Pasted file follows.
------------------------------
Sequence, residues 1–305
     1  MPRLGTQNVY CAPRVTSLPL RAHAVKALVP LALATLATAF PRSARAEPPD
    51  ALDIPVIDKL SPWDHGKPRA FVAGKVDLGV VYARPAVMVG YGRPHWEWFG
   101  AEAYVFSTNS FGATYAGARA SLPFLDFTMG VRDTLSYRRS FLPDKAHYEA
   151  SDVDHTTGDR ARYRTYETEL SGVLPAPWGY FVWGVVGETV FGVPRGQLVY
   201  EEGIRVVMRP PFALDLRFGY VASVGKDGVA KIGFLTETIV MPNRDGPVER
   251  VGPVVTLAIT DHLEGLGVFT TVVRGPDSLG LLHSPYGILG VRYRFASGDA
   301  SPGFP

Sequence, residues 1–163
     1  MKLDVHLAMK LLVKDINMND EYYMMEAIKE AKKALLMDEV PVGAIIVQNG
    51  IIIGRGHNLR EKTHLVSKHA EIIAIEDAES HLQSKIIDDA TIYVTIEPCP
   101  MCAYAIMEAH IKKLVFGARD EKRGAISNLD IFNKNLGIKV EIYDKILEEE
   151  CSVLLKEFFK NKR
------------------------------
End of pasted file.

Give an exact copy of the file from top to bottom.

Sequence, residues 1–305
     1  MPRLGTQNVY CAPRVTSLPL RAHAVKALVP LALATLATAF PRSARAEPPD
    51  ALDIPVIDKL SPWDHGKPRA FVAGKVDLGV VYARPAVMVG YGRPHWEWFG
   101  AEAYVFSTNS FGATYAGARA SLPFLDFTMG VRDTLSYRRS FLPDKAHYEA
   151  SDVDHTTGDR ARYRTYETEL SGVLPAPWGY FVWGVVGETV FGVPRGQLVY
   201  EEGIRVVMRP PFALDLRFGY VASVGKDGVA KIGFLTETIV MPNRDGPVER
   251  VGPVVTLAIT DHLEGLGVFT TVVRGPDSLG LLHSPYGILG VRYRFASGDA
   301  SPGFP

Sequence, residues 1–163
     1  MKLDVHLAMK LLVKDINMND EYYMMEAIKE AKKALLMDEV PVGAIIVQNG
    51  IIIGRGHNLR EKTHLVSKHA EIIAIEDAES HLQSKIIDDA TIYVTIEPCP
   101  MCAYAIMEAH IKKLVFGARD EKRGAISNLD IFNKNLGIKV EIYDKILEEE
   151  CSVLLKEFFK NKR